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The Redeemed Christian Church of God should ignore critics


Nothing says how cynical people have grown toward the church in recent times better than the response that greeted the Redeemed Christian Church of God’s decision to be more directly involved in the 2023 electioneering. The RCCG’s internal memo—where they noted they would coordinate their members going into politics and mobilise support for them—that circulated online could not have been any more innocent. Yet, it was met with an adverse reaction by those who concluded the church wants to use its broad network to mobilise support for one of their members, Vice President Yemi Osinbajo, who might run as president. The conjecture alone is telling.

Ideally, a church’s efforts at political mobilisation should have been received as a potential injection of religious moral virtues into our corruption-ridden political system. For people to be so critical, and for the RCCG to clarify its intention, should be enough for the church leadership to reflect on how their association with politicians tainted the public perception of their virtues. Even at that, much of the blowback is mere alarmism. Take, for instance, the viral article by Dele Momodu where he said the church’s move is “an invitation to Armageddon” and that “the easiest way to create trouble in Nigeria today is an attempt to mix religion with politics.” Really?

From time immemorial, and in almost all parts of the world, religion has always been a core part of politics. The arc of Nigeria’s history itself is a testimony to how God gets readily weaponised by political elites. Otherwise, why does this country spend money it can barely afford on annual religious pilgrimages? Why else do we spend public money on building religious houses? In the same country where Bauchi Governor, Bala Mohammed, recently approved N100m for a National Quran Recitation Competition, somebody still argues the alchemy of religion and politics is strange? What did constitutional provision matter when the Kaduna government reportedly gave N27m to some Islamic clerics to provide “favourable Friday sermon” in 2019? Why else have a band of idle ragtag of fundamentalists like the Hisbah had such temerity to destroy beer bottles, private property worth millions of naira, without pushback from either the state or other elites? The fact that all these subsist, and some still think religion should not mix with politics, means the operations of religionised politics have been so normalised that those critics are inured to the materiality.

In Nigeria, we balance Christian political candidates with Muslim counterparts, not because their combo guarantees ethical politics, but reality dictates that we must serve the idols of religion. Even at their most immoral self, politicians never fail to cling to religion. Therefore, saying the RCCG’s involvement in 2023 politics will ultimately lead to moral collapse is unwarranted fearmongering. Even in the so-called secular societies like the USA, religious appeal is a core component of their politics. When Donald Trump faced a crisis in his government that threatened his re-election, he led his aides to the front of a church to pose for a photo-op. It did not even matter much to his Evangelical base that the Bible in Trump’s hand in that photo was even upside down.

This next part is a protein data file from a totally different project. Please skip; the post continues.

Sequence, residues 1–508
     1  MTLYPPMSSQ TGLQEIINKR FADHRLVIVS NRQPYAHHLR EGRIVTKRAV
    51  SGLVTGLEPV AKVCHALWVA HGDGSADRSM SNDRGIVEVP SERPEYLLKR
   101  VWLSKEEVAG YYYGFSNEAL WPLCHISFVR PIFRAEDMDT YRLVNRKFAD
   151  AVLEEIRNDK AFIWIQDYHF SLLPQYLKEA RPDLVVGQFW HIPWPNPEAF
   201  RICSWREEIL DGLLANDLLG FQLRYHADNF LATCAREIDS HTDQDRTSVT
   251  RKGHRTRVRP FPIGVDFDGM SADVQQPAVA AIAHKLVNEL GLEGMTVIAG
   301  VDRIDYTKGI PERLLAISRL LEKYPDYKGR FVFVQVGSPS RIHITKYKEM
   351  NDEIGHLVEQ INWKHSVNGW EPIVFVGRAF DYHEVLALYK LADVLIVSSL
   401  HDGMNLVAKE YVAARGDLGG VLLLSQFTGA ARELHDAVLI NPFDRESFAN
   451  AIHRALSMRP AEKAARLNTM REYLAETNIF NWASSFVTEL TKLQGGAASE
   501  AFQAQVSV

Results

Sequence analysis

Besides, much of the pushback against the RCCG exaggerate their influence. Pentecostal pastors might be influential but critics also overhype the extent. Any politician that relies on pastors as a power bloc that can win an election will learn the lesson Goodluck Jonathan did in 2015. The fact that GEJ lost despite the huge support he received from churches—to the point some pastors practically converted the church altar into a campaign ground—shows the practical limit of their clerical power to anoint a president. One can even argue that the overreach of the pastors, who threw their weight behind GEJ, was part of why he lost.

It is also possible that we apportion too much weight to the religious factor in people’s voting choices. Unlike other places, Nigerian voters are barely surveyed to quantify the factors that determine their electoral decisions. Without statistics, we can only assume what people truly vote when they say they are voting religion. Electoral victories are far more complicated than what a single church can pull off, no matter how broad their network. Look, if Pastor Enoch Adeboye should dedicate every sermon to campaigning for Dele Momodu from now till election day, it still does not guarantee he will win even the votes of the RCCG members, let alone the broader Nigerian public. There are too many intertwined factors that determine electoral victory and religious influence is only one.

Religion has its practical limits but it is an inextricable part of politics. We cannot wish it away but we can only teach ourselves to develop enough emotional intelligence to differentiate religious politics that merely uses us as pawns in the larger game of power and one that seeks to deploy the truth of religion to refurbish a morally battered polity. As another election season draws closer, we can expect to be inundated with the familiar pontifications about the toxicity of religious identity politics. Maybe this time, those sermonisers will go beyond the usual condemnation to reflect on if/why those who vote persistently vote religion forgo other factors. What despair lies at the heart of the Nigerian project for them that makes people defer to their religious identity at the expense of competence? Besides, what does “competence” mean to a Nigerian for whose religion is a core part of their human identity?